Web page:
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In Ross's book of histology it says that the mesothelium that includes all body cavities is made of simple squamous epithelium but in other places it says that in the gastrointestinal tract it is made of simple columnar epithelium. Is it that the trachea and the the gastrointestinal tract are not classed as cavities?

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It is correct to say that the trachea and GI tract are not classed as cavities, yes. –  Rory M May 14 at 12:09
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up vote 4 down vote accepted

The peritoneum, the pleura, the pericardium, the tunica vaginalis testis and the tunica serosa uteri are made of mesothelium (simple squamous epithelium) [1].

The GI tube is made of a specialized tissue composed from four layers: mucosa, submucosa, muscularis externa and adventitia. The innermost layer (mucosa) has an epithelium that is stratified, squamous and non-keratinising, for protective purposes. The internal organs in the peritoneal cavity are covered with the visceral sheet of peritoneum which is the adventita layer [2].

Trachea is made of respiratory epithelium, which serves to moisten and protect the airways. It is lined with pseudostratified columnar epithelium with goblet cells that produce mucus [3].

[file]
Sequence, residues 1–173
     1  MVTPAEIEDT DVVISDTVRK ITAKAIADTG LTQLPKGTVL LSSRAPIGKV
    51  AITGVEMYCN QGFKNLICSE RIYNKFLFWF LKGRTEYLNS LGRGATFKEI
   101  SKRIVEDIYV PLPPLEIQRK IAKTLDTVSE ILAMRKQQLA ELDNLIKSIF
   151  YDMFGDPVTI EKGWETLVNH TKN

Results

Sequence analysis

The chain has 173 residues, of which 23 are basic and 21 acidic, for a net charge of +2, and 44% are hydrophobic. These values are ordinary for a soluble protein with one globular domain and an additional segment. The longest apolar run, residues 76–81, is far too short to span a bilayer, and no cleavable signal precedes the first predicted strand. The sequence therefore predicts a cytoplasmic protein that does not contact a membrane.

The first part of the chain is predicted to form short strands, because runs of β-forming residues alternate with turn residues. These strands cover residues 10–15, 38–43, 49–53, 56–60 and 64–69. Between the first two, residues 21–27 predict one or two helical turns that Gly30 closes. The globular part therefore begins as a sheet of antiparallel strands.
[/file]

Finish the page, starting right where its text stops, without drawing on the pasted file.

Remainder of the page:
Trachea, stomach and intestines are considered cavitary organs as opposed to parenchymatous organs (lung, kidney, liver).

References:

  1. Wikipedia contributors, "Mesothelium," Wikipedia, The Free Encyclopedia, http://en.wikipedia.org/w/index.php?title=Mesothelium&oldid=598055771 (accessed June 26, 2014).

  2. Wikipedia contributors, "Gastrointestinal wall," Wikipedia, The Free Encyclopedia, http://en.wikipedia.org/w/index.php?title=Gastrointestinal_wall&oldid=598338180 (accessed June 26, 2014).

  3. Wikipedia contributors, "Trachea," Wikipedia, The Free Encyclopedia, http://en.wikipedia.org/w/index.php?title=Trachea&oldid=613017631 (accessed June 26, 2014).

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